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11 September 2014
Rejected: Commission scuppers European Citizens’ Initiative on TTIP, CETA
The European Commission announced today that is has rejected a proposed European Citizens' Initiative on the EU-US and EU-Canada trade deals, citing that it ‘falls manifestly outside the framework of the Commission's powers’.
An alliance of European campaigners proposing the ECI had hoped to publicly launch their call for signatures later this month. An ECI requires one million signatures from at least seven member states in order to receive a hearing in the European Parliament and a review by the Commission. However, the Commission has the ability to accept or reject the motion on legal grounds before it is initiated.
Over 200 organisations across Europe had supported the campaign, a clear sign that the public are becoming more aware of the risks associated with agreements like TTIP and CETA. Today, John Hilary, director of War on Want and member of the Stop TTIP campaign said:
"This is an outrageous decision by the European Commission. These trade deals are already facing unprecedented opposition for their secrecy and unaccountability, but now we are denied even the right to petition our own EU leaders. An unelected executive, facing growing vocal opposition, has put his hands over its ears. “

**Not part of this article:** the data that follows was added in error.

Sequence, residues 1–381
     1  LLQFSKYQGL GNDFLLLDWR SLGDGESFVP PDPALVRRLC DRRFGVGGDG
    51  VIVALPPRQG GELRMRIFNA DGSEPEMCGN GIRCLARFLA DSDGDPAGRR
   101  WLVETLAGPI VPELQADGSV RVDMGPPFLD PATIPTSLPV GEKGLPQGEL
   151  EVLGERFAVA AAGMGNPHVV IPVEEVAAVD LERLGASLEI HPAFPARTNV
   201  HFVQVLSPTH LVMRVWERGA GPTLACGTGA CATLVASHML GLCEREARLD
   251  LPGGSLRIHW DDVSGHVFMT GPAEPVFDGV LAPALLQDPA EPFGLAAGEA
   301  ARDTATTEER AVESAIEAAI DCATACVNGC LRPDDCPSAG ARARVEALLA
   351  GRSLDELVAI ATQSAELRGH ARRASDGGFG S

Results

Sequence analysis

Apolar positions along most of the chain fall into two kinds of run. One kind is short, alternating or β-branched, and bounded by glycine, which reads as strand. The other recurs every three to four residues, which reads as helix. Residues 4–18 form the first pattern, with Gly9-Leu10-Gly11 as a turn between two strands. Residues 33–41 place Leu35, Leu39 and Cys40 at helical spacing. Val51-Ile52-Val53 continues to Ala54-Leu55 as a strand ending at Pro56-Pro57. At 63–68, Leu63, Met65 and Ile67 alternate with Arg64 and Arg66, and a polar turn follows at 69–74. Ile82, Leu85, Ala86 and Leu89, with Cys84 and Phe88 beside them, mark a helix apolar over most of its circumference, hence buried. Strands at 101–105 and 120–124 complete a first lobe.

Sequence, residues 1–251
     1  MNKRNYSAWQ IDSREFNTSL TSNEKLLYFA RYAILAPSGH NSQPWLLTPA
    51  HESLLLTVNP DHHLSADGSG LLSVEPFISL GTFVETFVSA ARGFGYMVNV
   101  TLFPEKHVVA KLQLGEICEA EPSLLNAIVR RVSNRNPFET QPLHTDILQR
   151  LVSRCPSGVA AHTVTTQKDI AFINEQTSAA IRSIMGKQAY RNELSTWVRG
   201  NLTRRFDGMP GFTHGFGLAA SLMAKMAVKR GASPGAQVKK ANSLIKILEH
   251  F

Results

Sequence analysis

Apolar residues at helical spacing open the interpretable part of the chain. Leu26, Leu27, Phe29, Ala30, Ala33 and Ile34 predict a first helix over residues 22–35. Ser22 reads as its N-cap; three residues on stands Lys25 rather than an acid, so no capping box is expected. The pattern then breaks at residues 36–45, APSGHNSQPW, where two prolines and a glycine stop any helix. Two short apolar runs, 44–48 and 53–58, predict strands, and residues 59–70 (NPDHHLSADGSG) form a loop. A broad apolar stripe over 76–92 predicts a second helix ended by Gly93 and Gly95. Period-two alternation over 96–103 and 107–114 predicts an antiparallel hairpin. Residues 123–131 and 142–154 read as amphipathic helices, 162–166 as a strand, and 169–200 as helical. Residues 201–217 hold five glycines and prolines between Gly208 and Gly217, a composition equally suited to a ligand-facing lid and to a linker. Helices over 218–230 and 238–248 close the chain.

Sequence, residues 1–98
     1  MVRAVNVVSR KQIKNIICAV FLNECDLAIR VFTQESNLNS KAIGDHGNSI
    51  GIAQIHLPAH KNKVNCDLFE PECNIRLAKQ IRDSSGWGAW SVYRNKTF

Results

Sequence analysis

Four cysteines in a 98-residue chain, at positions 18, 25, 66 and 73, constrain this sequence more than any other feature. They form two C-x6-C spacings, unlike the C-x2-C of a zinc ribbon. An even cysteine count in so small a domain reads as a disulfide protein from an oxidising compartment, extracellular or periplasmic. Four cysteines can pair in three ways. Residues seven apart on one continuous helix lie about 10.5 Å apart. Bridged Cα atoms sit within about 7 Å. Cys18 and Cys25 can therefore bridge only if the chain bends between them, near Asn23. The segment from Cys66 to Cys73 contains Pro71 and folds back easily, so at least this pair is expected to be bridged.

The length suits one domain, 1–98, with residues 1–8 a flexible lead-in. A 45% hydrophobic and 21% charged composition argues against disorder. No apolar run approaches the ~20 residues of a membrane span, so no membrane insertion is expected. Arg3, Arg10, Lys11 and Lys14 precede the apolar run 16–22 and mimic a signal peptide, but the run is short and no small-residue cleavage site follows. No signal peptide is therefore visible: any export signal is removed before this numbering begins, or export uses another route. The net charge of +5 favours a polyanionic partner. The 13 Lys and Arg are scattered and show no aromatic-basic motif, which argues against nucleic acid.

The Greens/EFA Group in the European Parliament had pledged to actively support and campaign for signatures over the coming months. The ECI presented a real opportunity to raise awareness of the threats the deals pose and engage the public in actively petitioning the EU institutions on the issues they care about. Yannick Jadot, trade spokesperson for the Greens said today:
"The Commission is seeking to block-out the voice of European citizens by refusing to admit this Citizens' Initiative. Despite the selective reasoning given by the Commission for not admitting the initiative, nobody should be in any doubt that this is a politically-motivated decision. The Commission does not want to be inconvenienced by having to confront the reality of massive public opposition to the TTIP negotiations.
"This cannot stand. Incoming commission president Juncker has made clear that the concerns of citizens must be taken into account and we call on him to overturn this decision and ensure the citizens' initiative goes ahead.
"There is a large and growing sense of unease and concern among the European public and civil society about the ongoing TTIP negotiations. This concern reflects the broad scope of the negotiations and their possible implications on European standards, and is reinforced by the opaque negotiation process. The voices of these citizens must be heard and we will work to ensure today's setback is not the final say.”
Read the European Commission's refusal of the proposed European Citizens' Initiative: